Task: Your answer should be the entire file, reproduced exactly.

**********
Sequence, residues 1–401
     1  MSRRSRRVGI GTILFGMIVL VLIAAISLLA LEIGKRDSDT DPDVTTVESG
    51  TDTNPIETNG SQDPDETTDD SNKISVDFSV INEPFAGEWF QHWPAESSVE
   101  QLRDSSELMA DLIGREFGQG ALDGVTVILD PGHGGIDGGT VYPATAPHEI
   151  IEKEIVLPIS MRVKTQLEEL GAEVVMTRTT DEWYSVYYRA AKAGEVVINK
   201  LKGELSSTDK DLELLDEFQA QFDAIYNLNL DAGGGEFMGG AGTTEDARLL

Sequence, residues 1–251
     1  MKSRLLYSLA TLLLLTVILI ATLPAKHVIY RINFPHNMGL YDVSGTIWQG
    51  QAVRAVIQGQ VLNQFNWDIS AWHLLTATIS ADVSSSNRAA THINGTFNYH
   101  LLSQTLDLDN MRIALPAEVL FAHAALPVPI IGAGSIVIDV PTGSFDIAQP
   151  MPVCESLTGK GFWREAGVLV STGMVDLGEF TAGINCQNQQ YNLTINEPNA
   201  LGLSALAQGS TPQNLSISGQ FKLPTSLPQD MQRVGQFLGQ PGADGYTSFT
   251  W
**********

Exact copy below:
Sequence, residues 1–401
     1  MSRRSRRVGI GTILFGMIVL VLIAAISLLA LEIGKRDSDT DPDVTTVESG
    51  TDTNPIETNG SQDPDETTDD SNKISVDFSV INEPFAGEWF QHWPAESSVE
   101  QLRDSSELMA DLIGREFGQG ALDGVTVILD PGHGGIDGGT VYPATAPHEI
   151  IEKEIVLPIS MRVKTQLEEL GAEVVMTRTT DEWYSVYYRA AKAGEVVINK
   201  LKGELSSTDK DLELLDEFQA QFDAIYNLNL DAGGGEFMGG AGTTEDARLL

Sequence, residues 1–251
     1  MKSRLLYSLA TLLLLTVILI ATLPAKHVIY RINFPHNMGL YDVSGTIWQG
    51  QAVRAVIQGQ VLNQFNWDIS AWHLLTATIS ADVSSSNRAA THINGTFNYH
   101  LLSQTLDLDN MRIALPAEVL FAHAALPVPI IGAGSIVIDV PTGSFDIAQP
   151  MPVCESLTGK GFWREAGVLV STGMVDLGEF TAGINCQNQQ YNLTINEPNA
   201  LGLSALAQGS TPQNLSISGQ FKLPTSLPQD MQRVGQFLGQ PGADGYTSFT
   251  W